A casino is a place where people can play games of chance for money. Large casinos may also offer restaurants, hotels, bars, non-gambling game rooms and other amenities for their patrons. Casinos can be designed around a specific theme or feature a mix of games. Regardless of their design, all casinos aim to create an exciting and memorable experience for their visitors.

Although musical shows, lighted fountains and shopping centers help attract customers, casinos would not exist without games of chance. Slot machines, blackjack, roulette, craps, baccarat and other gambling games provide the billions in profits that casinos rake in every year.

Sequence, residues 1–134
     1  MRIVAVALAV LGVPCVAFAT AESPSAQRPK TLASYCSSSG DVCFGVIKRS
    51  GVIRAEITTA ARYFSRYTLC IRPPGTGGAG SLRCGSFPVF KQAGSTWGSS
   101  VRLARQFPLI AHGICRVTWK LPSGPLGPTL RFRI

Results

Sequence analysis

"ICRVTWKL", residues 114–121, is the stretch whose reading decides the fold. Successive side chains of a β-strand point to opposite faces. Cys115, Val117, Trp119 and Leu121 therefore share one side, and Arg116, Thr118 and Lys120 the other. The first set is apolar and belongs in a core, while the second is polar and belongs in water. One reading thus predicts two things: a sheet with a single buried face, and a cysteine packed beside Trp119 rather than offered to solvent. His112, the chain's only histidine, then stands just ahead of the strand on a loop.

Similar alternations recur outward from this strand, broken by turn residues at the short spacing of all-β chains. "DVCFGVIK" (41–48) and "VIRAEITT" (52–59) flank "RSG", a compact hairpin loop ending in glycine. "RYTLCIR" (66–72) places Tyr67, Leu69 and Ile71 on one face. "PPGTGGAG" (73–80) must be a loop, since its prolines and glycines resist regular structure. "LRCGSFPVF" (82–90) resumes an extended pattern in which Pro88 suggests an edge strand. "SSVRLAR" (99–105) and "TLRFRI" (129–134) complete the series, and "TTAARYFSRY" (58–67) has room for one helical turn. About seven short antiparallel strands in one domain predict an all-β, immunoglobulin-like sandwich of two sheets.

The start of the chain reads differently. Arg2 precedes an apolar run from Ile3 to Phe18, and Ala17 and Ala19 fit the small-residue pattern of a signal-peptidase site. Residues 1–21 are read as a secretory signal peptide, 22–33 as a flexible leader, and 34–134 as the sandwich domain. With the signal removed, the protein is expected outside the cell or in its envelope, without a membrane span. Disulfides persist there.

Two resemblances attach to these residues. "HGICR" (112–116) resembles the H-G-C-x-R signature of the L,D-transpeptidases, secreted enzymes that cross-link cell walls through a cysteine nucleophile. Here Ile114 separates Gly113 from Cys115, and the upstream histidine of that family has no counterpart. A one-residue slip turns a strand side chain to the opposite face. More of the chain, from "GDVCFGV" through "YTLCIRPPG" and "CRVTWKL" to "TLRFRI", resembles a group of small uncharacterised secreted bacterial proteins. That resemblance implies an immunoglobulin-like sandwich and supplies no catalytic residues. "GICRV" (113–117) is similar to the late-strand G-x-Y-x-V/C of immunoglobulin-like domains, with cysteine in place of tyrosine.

While the glitz and glamour of the modern casino often draws the most attention, the industry’s dark side is no secret. Many casinos have been the scene of cheating, illegal activities and even violence. In addition, the high stakes involved in some casino games attract organized crime figures.

The security measures taken by casinos to prevent cheating and theft are complex. The most obvious measure is the presence of cameras throughout the facility. Security personnel watch the cameras remotely and can zoom in on suspicious activity. Security staff also monitor patrons by watching them from behind a window or doorway and can move to an empty table or slot machine to observe the action more closely.

In order to lure people back to their establishments, casinos often reward frequent gamblers with comps. These free items or discounts on hotel rooms, food and drinks are based on the amount of money gamblers spend in their facilities. A casino’s perks can extend to limo service and airline tickets for the biggest spenders.